http://www.kingmotorsports.com/advsearch.aspx?ctl00%24HeaderControl%24SearchBox%24searchterm=&IsSubmit=true&SearchTerm=mugen+shift+knob&SubmitSearch=Search

 

 

 

Fakespotting; Mugen Number Plate Bolts 75700-XG8-K0S0

Mugen License Plate Bolts 75700-XG8-K0S0

The following post comes to us courtesy of Mugen aficionado Jerimiah Styles! Many thanks to him for another contribution of his time and insight!

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A beautiful touch to any Mugen equipped vehicle, Mugen Number Plate Bolts (75700-XG8-K0S0) combine high-quality stainless steel construction with decorative Mugen Power engraved washers. The bolts are 3mm hex head, 20mm long, and are designed to be used as a garnish for the license plate frames of your car. However, clever tuners have discovered that they can be used for enigine bay aesthetics and also fit perfectly with the Mugen K-Series Carbon Fiber Ignition Cover (12500-XK2B-K0S0). Anywhere a 3mm bolt can fit, you can decorate it with a Mugen number plate bolt.

A look at the window boxes shows the extremes that these companies are going to replicate these items. The front of the boxes appear to be the same, but are they? The colored flag at the top of the box is mis-proportioned on the fake, with fatter color bands, and the Mugen logo at the bottom of the box is noticeably altered.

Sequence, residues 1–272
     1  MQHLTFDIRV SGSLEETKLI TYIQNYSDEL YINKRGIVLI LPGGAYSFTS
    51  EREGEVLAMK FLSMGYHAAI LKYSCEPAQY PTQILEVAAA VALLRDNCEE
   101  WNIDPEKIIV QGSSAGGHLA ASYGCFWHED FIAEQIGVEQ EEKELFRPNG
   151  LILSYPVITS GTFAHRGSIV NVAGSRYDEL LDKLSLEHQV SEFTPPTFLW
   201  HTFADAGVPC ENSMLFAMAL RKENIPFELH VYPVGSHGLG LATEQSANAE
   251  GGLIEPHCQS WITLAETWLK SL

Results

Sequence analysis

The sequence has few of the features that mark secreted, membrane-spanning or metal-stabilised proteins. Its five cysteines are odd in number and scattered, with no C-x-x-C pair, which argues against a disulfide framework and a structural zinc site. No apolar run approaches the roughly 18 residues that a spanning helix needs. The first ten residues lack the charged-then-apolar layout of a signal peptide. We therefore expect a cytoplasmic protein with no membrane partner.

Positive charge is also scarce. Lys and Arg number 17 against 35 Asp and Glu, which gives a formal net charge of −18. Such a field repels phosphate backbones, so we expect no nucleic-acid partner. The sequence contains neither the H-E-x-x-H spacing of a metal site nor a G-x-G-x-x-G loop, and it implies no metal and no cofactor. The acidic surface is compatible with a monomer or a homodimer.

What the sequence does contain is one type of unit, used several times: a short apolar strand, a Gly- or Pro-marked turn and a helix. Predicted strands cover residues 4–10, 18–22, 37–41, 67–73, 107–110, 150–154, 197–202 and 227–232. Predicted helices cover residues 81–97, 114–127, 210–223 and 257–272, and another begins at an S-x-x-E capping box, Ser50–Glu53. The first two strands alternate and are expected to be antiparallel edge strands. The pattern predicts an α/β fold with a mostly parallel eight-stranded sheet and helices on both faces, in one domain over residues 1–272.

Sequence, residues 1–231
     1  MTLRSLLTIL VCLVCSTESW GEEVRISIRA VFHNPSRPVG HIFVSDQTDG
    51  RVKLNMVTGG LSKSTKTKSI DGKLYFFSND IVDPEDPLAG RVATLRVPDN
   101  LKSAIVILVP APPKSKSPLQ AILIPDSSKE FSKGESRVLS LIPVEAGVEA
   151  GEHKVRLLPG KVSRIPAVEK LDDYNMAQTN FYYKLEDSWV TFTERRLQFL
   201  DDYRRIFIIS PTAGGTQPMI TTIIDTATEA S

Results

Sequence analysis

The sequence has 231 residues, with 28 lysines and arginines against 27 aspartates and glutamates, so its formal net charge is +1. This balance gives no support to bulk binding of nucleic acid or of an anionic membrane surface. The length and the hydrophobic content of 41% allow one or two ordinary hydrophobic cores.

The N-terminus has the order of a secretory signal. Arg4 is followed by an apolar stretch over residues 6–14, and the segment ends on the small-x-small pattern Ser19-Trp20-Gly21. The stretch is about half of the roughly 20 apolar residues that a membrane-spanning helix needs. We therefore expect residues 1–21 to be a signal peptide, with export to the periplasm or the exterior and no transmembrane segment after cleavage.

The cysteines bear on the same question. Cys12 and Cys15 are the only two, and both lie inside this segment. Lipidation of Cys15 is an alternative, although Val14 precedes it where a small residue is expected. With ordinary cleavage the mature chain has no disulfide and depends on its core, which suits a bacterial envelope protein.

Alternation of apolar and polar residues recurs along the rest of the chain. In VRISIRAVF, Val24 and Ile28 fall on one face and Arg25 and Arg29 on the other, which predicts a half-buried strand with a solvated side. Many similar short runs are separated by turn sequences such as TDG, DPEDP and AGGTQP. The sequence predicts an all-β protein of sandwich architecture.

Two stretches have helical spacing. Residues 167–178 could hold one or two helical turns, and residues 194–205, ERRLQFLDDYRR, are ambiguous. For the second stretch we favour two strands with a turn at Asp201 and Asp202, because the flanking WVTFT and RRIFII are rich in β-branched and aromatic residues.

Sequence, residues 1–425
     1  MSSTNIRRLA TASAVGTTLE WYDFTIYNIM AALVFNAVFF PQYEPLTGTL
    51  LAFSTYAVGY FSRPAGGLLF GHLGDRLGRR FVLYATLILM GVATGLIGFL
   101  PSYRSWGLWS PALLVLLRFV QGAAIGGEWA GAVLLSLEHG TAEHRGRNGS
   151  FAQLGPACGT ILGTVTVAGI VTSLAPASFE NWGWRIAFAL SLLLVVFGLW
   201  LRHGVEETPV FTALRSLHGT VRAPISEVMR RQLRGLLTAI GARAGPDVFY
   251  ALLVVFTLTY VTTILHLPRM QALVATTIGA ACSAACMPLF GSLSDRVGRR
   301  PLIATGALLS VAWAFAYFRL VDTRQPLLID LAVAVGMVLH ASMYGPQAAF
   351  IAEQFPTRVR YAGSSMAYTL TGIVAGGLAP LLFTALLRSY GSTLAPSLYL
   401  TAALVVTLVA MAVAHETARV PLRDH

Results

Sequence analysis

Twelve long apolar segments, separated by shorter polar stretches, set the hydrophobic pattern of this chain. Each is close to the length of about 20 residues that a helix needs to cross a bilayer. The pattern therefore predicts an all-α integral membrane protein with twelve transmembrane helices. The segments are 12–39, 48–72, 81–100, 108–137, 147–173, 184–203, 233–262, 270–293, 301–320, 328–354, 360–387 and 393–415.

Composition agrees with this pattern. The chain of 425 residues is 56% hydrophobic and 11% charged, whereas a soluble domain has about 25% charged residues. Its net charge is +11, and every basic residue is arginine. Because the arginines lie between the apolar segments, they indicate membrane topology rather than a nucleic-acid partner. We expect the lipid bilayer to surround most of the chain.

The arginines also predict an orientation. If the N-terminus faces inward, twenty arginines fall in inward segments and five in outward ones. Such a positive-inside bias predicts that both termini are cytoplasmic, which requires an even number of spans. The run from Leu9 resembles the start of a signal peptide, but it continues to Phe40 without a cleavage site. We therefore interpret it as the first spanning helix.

Mugen Number Plate Bolts Package Front

A look at the back of the boxes shows that the two products are labeled entirely different. Kanji appear at the top the genuine product and the bottom lists M-TEC contact information. The fake window box shows just a portion of the original, and the description is in Japanese (instead of English).

Mugen Number Plate Bolts Package Back

The Japanese printed instructions inside of the original Mugen number plate bolts is a gray print. The product illustrations are placed on the right of the page.

Genuine Instructions Sheet

The instructions inside of the fake box are a much darker, bolder, black print and the product illustrations are placed on the left side of the page. The printed area also takes up less of the page.